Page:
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Tips & Facts for Pet Dental Health Month [Infographic]

February is Pet Dental Health Month and a good time to learn how to keep your pet smiling and healthy.

Tips & Facts for Pet Dental Health Month


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It’s Pet Dental Month!


dog with toothtrush

February is National Pet Dental Health Month! If left untreated, plaque and tartar buildup can lead to painful periodontal disease. As with many health issues, prevention is the best medicine.

Here are some ways you can take a proactive role in keeping your pet’s teeth healthy.

  • Brush their teeth! It might take patience and practice, and some treats or rewards, but eventually it can even turn into a bonding experience. Make sure to use toothpaste that’s safe for pets. Brush gently for 30 seconds on each side of their mouth at least every other day.
  • Dental treats, toys and food: While not as effective as teeth brushing, products that are specifically designed to promote oral health are a good alternative. Check for the Seal of Acceptance from the Veterinary Oral Health Council to ensure the product meets the standards for effective plaque and tartar control.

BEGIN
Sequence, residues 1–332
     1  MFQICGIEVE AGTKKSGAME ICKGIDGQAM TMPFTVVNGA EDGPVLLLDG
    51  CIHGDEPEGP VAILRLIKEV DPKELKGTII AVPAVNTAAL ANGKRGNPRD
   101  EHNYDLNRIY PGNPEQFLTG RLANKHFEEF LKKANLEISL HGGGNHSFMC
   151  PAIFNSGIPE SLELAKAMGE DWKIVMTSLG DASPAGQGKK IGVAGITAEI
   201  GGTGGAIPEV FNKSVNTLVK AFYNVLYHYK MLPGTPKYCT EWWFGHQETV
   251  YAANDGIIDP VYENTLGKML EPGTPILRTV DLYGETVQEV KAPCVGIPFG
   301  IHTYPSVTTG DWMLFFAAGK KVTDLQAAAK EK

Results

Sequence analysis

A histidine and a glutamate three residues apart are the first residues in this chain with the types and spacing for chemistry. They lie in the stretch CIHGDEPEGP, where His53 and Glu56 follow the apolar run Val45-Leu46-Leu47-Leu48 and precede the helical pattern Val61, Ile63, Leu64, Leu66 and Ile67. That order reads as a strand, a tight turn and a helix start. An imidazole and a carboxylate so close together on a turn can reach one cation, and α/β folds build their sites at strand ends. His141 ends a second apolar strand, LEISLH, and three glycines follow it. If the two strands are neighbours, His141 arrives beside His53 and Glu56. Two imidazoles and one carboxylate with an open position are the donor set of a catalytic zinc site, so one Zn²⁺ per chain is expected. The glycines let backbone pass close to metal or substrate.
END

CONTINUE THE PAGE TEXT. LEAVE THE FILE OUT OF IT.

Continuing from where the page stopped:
• Regular dental exams: Just like humans, pets need to have their teeth and gums checked by a vet once or twice a year. A basic dental exam can usually be done without sedation, unless your pet becomes aggressive or they are in pain.
  • Diet: Overall health begins with a good diet, but many dental health problems can be caused by malnutrition. Ask your vet for recommendations if your pet has nutrition issues that need to be addressed.

Keeping your pet’s teeth and gums healthy has tremendous benefits—some studies have shown that maintaining oral health can add up to five years to your pet’s life.

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Starting The Year Off On The Right Paw

Healthy dog
New Year’s resolutions aren’t just for humans! Your dog can also benefit from setting healthy goals for the new year.

Here are a few tips for starting the year off on the right paw.

  • Always measure your dog’s food. More than 50% of pets in the US are overweight and obesity in pets can lead to serious health issues. Check the recommended feeding guidelines on your dog’s food bag, or check with your vet for more help on figuring out how many calories your dog actually needs.
  • Introduce your dog to a new activity. It’s easier than ever for humans to incorporate their dogs into their exercise routine—hiking,”doga” (dog yoga), kayaking and jogging are just a few ideas! You’ll both benefit from being out in the fresh air getting exercise—it’s a win-win!
  • Schedule a vet visit. Annual examinations are essential and a great way to stay on top of your dog’s health. Many health conditions are much easier to manage and treat when they’re detected early, and when the vet sees your dog on a regular basis, he’ll be more aware of anything out of the ordinary.